Echoing your and Ame’s comments, same sex friendships are indeed increasingly sexualized (diminishing the value or validity of platonic hetero relationships… hetero anything, really.). In Scripture, revisionist academics pervert the friendship of David and Jonathan, or of Jesus and the apostle he loved. And for f/f relationships, I think of Orange is the New Black. Before I got tired of the lesbo porn and feminazism, there was a subplot with two girl-friends where Poussey ‘liked’ Taystee, who repeatedly stated she wasn’t into that. It was clear the writers were painting Taystee as repressed and homophobic; I assume the writers eventually had them hook up. That’s the near future, a culture so thoroughly sodomized that not being down for a little fudgepacking (or scissoring) is rude, homophobic, antisocial, etc.

    This person might be trolling. It’s telling that I can’t tell.

    1. “I watched him go downhill for the last year of his life; he ended up driving up an on-ramp into a semi. It was never ruled a suicide but we all knew it was. RIP Barry”

      Sorry to hear this. In many ways, we as friends grieve as much for their loss as anybody (outside of their children or siblings, perhaps).

    2. “That’s the near future, a culture so thoroughly sodomized that not being down for a little fudgepacking (or scissoring) is rude, homophobic, antisocial, etc.”

      An astute observation. It’s ironic that this diminishing of real friendships is occurring simoultaneous to Facebook “friends”. People with 300 “friends,” yet not one person that would visit them in the hospital if they were recovering from heart surgery.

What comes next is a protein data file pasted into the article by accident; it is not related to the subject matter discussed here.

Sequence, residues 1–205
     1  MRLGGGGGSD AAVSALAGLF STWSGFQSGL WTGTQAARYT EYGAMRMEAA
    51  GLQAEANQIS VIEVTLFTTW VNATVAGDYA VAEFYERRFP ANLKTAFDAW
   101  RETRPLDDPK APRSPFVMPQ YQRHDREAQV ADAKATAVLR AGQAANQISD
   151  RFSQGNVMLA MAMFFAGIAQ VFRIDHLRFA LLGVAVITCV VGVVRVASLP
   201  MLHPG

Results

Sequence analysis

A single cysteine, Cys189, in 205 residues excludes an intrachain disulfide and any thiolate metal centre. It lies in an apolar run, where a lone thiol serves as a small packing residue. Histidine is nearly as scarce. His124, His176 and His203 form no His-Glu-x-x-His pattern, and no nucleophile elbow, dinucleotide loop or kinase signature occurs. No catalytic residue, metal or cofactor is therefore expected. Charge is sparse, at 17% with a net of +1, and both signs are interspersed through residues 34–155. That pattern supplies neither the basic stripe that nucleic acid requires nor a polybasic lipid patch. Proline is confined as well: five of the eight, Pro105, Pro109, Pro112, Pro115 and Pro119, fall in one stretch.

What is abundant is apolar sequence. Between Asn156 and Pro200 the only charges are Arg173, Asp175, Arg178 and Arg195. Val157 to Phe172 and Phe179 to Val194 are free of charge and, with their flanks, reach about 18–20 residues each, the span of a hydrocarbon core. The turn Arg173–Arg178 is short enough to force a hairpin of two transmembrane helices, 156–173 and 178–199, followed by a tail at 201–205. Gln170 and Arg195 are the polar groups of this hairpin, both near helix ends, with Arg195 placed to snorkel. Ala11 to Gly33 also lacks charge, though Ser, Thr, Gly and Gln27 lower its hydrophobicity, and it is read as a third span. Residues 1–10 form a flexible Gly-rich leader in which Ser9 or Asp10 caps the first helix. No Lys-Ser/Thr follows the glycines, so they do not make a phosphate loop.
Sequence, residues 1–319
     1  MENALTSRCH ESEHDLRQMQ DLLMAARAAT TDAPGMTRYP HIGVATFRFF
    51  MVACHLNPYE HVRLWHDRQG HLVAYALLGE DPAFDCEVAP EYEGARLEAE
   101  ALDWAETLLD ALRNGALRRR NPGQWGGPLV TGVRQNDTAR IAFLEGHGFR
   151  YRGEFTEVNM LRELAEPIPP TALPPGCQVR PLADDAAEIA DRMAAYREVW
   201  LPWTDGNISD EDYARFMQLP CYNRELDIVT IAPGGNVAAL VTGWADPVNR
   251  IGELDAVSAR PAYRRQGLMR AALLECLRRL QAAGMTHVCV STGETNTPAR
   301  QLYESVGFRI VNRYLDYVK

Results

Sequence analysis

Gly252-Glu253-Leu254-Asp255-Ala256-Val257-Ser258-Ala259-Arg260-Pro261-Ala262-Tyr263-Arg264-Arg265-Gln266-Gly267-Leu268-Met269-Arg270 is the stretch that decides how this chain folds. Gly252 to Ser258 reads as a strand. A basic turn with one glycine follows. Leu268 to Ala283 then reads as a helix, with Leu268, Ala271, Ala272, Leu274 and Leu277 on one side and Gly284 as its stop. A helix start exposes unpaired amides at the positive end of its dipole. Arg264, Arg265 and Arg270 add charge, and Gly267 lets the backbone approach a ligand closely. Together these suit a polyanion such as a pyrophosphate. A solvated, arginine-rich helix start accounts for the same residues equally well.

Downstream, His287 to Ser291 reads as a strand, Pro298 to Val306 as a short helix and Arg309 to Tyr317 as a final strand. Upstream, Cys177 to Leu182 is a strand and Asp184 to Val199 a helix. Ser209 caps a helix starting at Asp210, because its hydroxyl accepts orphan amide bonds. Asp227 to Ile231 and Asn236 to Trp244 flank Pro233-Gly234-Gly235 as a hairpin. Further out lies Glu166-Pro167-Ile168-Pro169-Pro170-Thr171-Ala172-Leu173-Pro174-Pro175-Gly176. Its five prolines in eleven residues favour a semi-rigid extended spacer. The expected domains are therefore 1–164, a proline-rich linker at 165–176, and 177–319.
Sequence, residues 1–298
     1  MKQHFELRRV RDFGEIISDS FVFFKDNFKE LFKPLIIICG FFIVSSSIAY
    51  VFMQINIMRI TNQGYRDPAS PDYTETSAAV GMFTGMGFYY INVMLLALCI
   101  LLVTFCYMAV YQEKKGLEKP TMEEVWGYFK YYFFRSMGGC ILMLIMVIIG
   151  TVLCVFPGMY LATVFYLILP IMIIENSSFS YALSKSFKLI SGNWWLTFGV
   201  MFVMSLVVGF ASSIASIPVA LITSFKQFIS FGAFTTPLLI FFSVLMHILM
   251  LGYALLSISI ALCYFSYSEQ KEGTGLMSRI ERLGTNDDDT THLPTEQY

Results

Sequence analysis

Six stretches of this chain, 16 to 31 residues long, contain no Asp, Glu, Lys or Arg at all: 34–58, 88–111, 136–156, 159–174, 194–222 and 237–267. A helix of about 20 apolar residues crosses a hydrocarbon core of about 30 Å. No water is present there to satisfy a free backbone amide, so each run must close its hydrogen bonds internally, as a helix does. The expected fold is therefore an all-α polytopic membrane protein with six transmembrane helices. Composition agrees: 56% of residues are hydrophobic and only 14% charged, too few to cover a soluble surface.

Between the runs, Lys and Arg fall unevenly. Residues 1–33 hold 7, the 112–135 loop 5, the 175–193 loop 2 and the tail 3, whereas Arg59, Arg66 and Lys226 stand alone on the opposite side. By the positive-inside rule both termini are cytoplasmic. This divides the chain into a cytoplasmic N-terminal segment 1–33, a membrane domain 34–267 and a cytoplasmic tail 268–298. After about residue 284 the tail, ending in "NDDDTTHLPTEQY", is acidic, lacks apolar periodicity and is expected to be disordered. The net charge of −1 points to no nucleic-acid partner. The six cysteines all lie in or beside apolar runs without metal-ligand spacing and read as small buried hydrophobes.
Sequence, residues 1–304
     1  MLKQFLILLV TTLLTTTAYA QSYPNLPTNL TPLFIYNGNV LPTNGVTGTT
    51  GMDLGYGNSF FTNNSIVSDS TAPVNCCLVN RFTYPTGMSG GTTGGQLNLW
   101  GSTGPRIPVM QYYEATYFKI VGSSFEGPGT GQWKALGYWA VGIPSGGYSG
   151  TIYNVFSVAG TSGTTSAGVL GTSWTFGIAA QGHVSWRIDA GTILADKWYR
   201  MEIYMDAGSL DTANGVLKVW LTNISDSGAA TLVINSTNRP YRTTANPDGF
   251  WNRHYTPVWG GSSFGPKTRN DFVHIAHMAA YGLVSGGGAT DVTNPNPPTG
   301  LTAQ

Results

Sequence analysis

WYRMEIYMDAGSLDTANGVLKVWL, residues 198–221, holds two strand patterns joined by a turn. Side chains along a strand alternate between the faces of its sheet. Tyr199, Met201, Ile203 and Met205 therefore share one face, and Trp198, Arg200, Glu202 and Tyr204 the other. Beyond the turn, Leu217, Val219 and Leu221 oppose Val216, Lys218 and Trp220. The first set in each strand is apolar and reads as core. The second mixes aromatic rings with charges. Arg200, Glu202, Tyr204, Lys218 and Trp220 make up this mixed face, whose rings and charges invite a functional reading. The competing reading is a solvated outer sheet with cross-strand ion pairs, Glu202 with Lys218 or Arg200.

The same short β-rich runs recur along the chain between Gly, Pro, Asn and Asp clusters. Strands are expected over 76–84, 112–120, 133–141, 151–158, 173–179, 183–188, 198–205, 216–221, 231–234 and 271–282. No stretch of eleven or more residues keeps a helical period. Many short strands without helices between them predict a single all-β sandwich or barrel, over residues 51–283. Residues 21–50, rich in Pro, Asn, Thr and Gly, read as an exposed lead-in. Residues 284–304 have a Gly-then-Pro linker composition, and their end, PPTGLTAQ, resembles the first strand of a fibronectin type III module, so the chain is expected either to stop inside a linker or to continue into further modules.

1. “An astute observation. It’s ironic that this diminishing of real friendships is occurring simoultaneous to Facebook “friends”. People with 300 “friends,” yet not one person that would visit them in the hospital if they were recovering from heart surgery.”

        i so agree. i’ve done little ‘experiments’ on facebook. i don’t even know how many ‘friends’ i have but it’s not much over 100 b/c i don’t believe in ‘friending’ everyone. anyway … i find it very interesting who and how many respond to various posts … and who cares whether i post or not for extended periods of time. i’ve found i can fade from conscious thought or care if i don’t post anything for awhile.

        another *theory* of mine … i don’t think people really care. you hear people say, “If I only *knew* I would have helped!” i believe that’s BS. people don’t help others, even if they know. and … if someone does do something they consider *help* it’s based on their own perception of what they consider *help* to be … NOT on what that person actually needs. people get very self-righteous about their ‘giving-of-themselves’ for the better of mankind. it seems the more people have, the more judgemental they become about how they use their resources to ‘help’ others. i think that those who truly do see a need and strive to meet that need are almost invisible in society – and they prefer it that way.

      2. “i find it very interesting who and how many respond to various posts … and who cares whether i post or not for extended periods of time”

        I had heart surgery once. When I was in the hospital, only one friend came to visit me. And he didn’t even have Facebook.

        Mind you, at this time I had around 700 “friends” on Facebook. But when push came to shove, it was just my family and one friend at my side.

      3. “If I only *knew* I would have helped!” i believe that’s BS. people don’t help others, even if they know.”

        A guy I know on FB is currently struggling with cancer. He used to host parties at his house and tons of people would attend. Now he has one comment/one like when he posts something about his struggle.

        The irony is too much to bare sometimes.